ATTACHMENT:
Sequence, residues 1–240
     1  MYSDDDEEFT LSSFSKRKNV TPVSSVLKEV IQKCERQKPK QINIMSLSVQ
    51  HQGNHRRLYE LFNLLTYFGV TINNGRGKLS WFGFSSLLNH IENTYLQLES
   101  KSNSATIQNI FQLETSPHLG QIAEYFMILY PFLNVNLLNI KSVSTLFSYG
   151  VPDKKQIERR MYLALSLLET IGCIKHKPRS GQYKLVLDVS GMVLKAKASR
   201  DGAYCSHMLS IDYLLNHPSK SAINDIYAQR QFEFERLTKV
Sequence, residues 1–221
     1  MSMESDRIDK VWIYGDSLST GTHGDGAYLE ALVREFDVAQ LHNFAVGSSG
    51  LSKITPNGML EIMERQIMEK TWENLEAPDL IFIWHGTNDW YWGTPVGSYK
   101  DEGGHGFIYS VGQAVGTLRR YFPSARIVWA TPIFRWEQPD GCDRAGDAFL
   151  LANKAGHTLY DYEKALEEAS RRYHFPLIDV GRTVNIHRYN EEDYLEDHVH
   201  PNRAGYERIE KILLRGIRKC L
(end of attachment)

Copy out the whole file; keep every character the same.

Sequence, residues 1–240
     1  MYSDDDEEFT LSSFSKRKNV TPVSSVLKEV IQKCERQKPK QINIMSLSVQ
    51  HQGNHRRLYE LFNLLTYFGV TINNGRGKLS WFGFSSLLNH IENTYLQLES
   101  KSNSATIQNI FQLETSPHLG QIAEYFMILY PFLNVNLLNI KSVSTLFSYG
   151  VPDKKQIERR MYLALSLLET IGCIKHKPRS GQYKLVLDVS GMVLKAKASR
   201  DGAYCSHMLS IDYLLNHPSK SAINDIYAQR QFEFERLTKV
Sequence, residues 1–221
     1  MSMESDRIDK VWIYGDSLST GTHGDGAYLE ALVREFDVAQ LHNFAVGSSG
    51  LSKITPNGML EIMERQIMEK TWENLEAPDL IFIWHGTNDW YWGTPVGSYK
   101  DEGGHGFIYS VGQAVGTLRR YFPSARIVWA TPIFRWEQPD GCDRAGDAFL
   151  LANKAGHTLY DYEKALEEAS RRYHFPLIDV GRTVNIHRYN EEDYLEDHVH
   201  PNRAGYERIE KILLRGIRKC L